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Monday, Dec. 22, 2008

Be Embraced, Ye Millions!

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Though some rudimentary sketches for a Tenth Symphony were eventually found among his belongings, it is hard to imagine where Ludwig van Beethoven (1770-1827) could have taken the symphonic genre after the completion of his D Minor Symphony-a work written a dozen years after his Seventh and Eighth Symphonies and a fitting culmination of Beethoven's symphonic output. Beethoven's Symphony No. 9 in D Minor, Op. 125 has been called the "Choral Symphony," but that is misleading and a mistake in emphasis, undervaluing the three purely orchestral movements that precede the choral finale. But the title (which was not Beethoven's) understandably acknowledges the overwhelming effect of the Presto-Allegro assai finale with its setting of Friedrich Schiller's poem An die Freude (Ode to Joy).

Beethoven spent much of his compositional life reinventing the wheel, musically speaking: keeping his audiences on their toes with a rare ability to combine the familiar with the unexpected. Though he stayed within traditional forms, he changed them to such a degree that the whole of Western music was transformed. Such later composers as Berlioz, Wagner, Bruckner and Mahler, whose own compositions cannot be imagined without the precedent-setting Ninth, took the Ninth Symphony as a point of departure.

Schiller's poem captured Beethoven's imagination even before he had left his hometown of Bonn, though he finally completed the musical treatment of the lyrics only three years before his death. "It was a long way from conception to fulfillment of the Ode to Joy project," writes Beethoven biographer Maynard Solomon.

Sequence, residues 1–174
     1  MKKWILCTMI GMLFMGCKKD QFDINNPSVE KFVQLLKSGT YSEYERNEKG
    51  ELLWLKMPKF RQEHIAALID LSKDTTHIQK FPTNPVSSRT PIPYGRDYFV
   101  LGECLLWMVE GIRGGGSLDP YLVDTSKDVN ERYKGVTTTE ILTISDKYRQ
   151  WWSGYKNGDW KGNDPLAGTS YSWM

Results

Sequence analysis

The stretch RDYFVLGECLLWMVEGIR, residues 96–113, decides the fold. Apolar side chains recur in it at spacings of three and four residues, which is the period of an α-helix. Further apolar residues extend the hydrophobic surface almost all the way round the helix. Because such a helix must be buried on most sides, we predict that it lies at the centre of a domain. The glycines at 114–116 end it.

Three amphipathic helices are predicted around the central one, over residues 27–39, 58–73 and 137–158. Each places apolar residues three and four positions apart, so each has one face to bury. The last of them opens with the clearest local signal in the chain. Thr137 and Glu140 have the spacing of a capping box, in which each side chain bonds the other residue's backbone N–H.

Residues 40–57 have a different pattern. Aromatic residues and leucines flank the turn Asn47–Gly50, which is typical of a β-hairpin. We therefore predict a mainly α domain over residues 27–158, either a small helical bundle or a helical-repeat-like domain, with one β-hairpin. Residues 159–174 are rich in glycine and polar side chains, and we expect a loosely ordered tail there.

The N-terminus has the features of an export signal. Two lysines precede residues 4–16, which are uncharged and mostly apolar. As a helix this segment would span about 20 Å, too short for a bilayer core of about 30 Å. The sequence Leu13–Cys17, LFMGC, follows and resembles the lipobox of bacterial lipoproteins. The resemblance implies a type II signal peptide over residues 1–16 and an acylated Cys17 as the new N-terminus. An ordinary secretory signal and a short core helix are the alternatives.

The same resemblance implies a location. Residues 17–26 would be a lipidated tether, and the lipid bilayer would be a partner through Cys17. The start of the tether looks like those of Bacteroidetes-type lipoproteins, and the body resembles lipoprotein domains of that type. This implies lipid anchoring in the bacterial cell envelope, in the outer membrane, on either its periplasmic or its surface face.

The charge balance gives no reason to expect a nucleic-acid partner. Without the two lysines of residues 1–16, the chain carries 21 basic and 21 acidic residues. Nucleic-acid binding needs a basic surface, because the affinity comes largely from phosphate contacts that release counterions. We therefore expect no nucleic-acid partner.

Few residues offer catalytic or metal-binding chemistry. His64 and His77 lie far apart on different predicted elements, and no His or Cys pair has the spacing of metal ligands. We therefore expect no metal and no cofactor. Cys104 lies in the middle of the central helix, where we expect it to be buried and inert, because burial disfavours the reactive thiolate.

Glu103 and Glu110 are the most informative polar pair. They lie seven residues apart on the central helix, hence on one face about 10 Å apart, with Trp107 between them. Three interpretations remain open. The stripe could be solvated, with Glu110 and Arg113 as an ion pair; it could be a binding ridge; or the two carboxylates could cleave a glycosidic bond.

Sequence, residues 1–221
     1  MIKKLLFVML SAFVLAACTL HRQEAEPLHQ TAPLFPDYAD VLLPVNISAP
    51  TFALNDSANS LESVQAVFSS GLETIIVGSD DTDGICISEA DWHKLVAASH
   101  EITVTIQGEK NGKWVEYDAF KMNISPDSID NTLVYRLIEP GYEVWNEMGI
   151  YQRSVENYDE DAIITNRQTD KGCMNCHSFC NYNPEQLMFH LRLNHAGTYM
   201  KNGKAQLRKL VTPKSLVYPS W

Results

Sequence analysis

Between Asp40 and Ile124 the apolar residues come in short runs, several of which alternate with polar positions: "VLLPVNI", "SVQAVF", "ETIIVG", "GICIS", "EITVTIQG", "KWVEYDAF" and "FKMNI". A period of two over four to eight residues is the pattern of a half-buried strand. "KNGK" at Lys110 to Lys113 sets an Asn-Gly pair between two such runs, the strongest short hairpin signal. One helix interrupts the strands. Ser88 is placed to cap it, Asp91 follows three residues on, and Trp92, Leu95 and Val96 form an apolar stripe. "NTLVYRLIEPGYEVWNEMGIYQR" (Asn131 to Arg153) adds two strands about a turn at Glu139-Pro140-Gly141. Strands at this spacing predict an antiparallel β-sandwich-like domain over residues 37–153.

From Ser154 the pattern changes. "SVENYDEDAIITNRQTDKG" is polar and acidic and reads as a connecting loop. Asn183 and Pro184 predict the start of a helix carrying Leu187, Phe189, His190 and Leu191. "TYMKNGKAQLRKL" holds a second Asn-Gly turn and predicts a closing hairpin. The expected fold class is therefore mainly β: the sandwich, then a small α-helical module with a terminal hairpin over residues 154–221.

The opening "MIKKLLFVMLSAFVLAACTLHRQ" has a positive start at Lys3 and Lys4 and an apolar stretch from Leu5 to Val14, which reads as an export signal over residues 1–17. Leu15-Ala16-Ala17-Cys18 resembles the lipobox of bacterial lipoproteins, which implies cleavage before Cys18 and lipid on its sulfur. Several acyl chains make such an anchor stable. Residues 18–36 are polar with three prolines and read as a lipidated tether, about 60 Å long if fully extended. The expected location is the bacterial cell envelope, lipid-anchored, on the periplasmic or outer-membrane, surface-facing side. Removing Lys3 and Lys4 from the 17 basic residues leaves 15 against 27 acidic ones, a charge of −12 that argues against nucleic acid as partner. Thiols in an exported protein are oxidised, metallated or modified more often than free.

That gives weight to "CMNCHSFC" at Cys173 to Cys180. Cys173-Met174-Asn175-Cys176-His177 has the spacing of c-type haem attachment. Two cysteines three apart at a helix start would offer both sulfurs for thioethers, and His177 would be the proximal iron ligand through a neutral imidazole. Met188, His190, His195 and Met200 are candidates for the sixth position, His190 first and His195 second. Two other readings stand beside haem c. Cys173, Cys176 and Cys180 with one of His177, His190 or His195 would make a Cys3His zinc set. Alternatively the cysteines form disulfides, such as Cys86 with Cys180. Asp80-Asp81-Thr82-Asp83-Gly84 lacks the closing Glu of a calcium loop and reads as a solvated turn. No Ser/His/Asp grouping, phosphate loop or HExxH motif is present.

The Ninth Symphony received its world premiere on May 7, 1824. Beethoven, unable to conduct, stood next to the conductor turning the pages of the score, beating time. Indeed, the choir and orchestra had been told to ignore the composer, who was by this stage so deaf that he could not even hear his own music-or the thunderous applause that erupted as the finale came to its end. As one reviewer aptly put it: "Art and truth here celebrate their most brilliant triumph." Less lofty praise but perhaps more revealing was what Beethoven's friend Karl Holz wrote: "When I think of the music of Beethoven, I am happy to be alive."

The Milwaukee Symphony Orchestra and Chorus, with four vocal soloists, perform Beethoven's Ninth on Dec. 31. In two additional performances on Jan. 2 and 3, the work is preceded by the Concerto for Bassoon and Orchestra in B-Flat Major, K. 191 by W.A. Mozart (1756-91). This is a work Mozart composed when he was 18 years old for an instrument that had only recently been developed. The soloist for this work will be Theodore Soluri.

Conducting all three performances (at Uihlein Hall) is Lawrence Renes, who rose to fame in 1995 when he replaced Riccardo Chailly with the Royal Concertgebouw Orchestra in Amsterdam. Maestro Renes later assisted MSO Music Director Designate Edo de Waart at the Netherlands Radio Philharmonic.